In detail

Dominance behavior in dogs: how does it express itself?


Dominance behavior in dogs can show up, for example, towards other dogs or humans. With certain gestures, the four-legged friend makes it clear that he is Dominance behavior shows itself when clarifying the ranking - Image: Shutterstock / AnetaPic

would like to rank higher than the other living being.

When dogs rank among themselves, it is necessary that one of the two be more dominant. Gestures of dominance are therefore not only normal in many situations, but inevitable. A tendency towards strong, undesirable dominance behavior, regardless of whether it is humans, animals or both, can also occur. This can be innate, for example, resulting from poor parenting, socialization or wrong attitudes. Even an owner who lets his four-legged friend go through everything can be the reason why a dog tends to have behavioral problems, in which he shows that he does not want to submit. This is how dominant behavior can manifest itself:

Dominance behavior towards people

If the dog sees a person as lower ranking, this can lead to different behaviors. For one thing, he's pretty likely not going to listen to him. He could be disobedient, pushy, or even aggressive. Growling when the biped comes close to its food bowl is also not uncommon.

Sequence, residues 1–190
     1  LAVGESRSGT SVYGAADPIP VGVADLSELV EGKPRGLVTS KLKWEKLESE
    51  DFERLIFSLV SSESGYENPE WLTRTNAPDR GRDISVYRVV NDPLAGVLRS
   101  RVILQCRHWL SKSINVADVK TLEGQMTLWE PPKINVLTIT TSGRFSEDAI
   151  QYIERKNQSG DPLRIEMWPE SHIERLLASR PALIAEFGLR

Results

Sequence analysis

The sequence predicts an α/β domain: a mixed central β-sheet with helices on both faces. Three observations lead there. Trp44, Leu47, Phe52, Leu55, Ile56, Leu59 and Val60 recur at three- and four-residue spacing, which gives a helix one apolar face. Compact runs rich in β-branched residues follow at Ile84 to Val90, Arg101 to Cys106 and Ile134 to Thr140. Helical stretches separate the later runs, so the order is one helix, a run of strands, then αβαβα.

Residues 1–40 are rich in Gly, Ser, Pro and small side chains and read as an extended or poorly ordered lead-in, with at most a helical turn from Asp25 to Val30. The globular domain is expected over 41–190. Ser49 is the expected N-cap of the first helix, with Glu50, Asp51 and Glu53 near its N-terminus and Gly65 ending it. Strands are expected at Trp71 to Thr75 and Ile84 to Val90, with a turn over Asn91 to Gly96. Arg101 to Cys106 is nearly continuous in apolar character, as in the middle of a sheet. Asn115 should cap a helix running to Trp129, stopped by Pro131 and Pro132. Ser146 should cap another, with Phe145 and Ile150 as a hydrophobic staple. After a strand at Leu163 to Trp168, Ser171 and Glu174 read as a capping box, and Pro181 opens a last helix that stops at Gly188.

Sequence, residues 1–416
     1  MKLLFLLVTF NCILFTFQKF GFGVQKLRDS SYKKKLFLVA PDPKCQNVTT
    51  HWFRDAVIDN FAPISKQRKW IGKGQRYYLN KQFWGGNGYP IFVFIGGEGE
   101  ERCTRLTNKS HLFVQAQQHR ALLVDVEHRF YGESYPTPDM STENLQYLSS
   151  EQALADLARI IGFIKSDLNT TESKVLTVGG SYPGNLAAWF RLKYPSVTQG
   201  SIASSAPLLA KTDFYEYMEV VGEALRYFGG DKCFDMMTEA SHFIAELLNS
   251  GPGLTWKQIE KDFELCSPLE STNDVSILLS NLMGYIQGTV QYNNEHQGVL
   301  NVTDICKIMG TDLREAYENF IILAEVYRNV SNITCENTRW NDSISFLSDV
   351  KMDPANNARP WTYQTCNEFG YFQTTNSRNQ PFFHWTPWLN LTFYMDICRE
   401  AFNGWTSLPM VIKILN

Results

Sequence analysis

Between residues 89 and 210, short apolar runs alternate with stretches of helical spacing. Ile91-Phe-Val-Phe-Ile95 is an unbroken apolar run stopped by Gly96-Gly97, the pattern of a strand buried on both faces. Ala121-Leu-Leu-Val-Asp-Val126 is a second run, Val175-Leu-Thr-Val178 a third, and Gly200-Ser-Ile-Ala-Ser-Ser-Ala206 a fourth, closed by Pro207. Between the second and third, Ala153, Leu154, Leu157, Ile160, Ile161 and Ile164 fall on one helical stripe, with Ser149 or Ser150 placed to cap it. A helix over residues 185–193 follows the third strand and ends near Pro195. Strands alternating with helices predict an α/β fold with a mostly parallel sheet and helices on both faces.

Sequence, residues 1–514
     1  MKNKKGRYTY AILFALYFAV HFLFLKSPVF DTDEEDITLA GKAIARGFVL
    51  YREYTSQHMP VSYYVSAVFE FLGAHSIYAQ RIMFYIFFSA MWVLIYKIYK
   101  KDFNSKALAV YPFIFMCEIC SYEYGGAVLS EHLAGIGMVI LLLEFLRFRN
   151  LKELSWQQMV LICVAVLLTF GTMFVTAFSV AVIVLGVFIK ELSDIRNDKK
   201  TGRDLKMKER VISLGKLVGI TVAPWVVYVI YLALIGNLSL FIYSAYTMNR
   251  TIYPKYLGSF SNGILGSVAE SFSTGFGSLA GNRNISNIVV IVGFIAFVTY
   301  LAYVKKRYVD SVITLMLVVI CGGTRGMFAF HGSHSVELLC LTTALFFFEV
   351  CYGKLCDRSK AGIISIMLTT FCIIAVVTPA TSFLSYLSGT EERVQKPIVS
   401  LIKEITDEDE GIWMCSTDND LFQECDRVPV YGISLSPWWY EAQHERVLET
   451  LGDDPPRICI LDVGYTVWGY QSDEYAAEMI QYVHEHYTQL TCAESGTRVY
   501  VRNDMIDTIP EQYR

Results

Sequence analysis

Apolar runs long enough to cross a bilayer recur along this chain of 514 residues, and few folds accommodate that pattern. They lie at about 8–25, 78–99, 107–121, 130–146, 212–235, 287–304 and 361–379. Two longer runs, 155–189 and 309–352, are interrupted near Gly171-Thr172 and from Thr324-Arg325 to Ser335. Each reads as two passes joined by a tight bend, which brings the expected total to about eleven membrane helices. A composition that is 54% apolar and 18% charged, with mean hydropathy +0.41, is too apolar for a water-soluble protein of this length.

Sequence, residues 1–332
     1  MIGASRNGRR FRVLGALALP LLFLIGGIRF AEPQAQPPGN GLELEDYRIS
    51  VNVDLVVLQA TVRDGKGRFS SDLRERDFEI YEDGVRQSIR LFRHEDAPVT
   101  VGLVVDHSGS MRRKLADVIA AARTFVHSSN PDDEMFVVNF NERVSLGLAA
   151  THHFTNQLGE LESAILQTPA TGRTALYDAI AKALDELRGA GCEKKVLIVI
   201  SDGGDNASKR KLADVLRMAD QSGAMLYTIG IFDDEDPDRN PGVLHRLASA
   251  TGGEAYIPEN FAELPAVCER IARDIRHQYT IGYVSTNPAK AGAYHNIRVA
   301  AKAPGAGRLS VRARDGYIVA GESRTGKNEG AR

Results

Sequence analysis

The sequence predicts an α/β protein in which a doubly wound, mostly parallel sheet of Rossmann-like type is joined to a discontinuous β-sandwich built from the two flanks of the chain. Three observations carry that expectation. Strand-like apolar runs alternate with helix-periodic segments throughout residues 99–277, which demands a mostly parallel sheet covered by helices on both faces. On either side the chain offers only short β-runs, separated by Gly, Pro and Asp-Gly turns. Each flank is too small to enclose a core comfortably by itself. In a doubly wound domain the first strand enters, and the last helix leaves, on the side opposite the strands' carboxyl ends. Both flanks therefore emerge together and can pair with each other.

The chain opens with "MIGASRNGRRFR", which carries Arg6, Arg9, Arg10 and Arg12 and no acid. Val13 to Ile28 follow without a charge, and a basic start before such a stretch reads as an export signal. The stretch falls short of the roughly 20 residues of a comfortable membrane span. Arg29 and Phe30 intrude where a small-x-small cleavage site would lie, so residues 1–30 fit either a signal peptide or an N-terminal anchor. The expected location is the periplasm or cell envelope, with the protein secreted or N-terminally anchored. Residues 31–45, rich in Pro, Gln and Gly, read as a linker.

Whether the behavioral problems are a dominance problem, a general upbringing problem or possibly the consequences of physical suffering should always be discussed with a specialist dog trainer or a veterinarian, because the distinction is not always easy.

Dominance over other dogs

A higher-ranking dog usually has the right of way when it comes to choosing a favorite toy, favorite place or the best place on the food bowl. This is quite normal and whoever is the higher must be identified among the dogs at the latest when several dogs are kept before they are usually determined once and for all afterwards.

Beautiful hunting dog: The Labrador in chocolate brown

During a walk it is rather rare that the ranking among dogs is clarified. However, there are also four-legged friends who constantly provoke strangers. This can, but does not have to be, dominance behavior.

If the four-legged friend very strongly tends to let the boss hang out, for example because he belongs to a dog breed that tends to be like the Weimaraner, you should be a little careful when walking that disputes about a toy or the like with strange dogs do not at all only emerge. Even in such a case, a dog trainer should be consulted.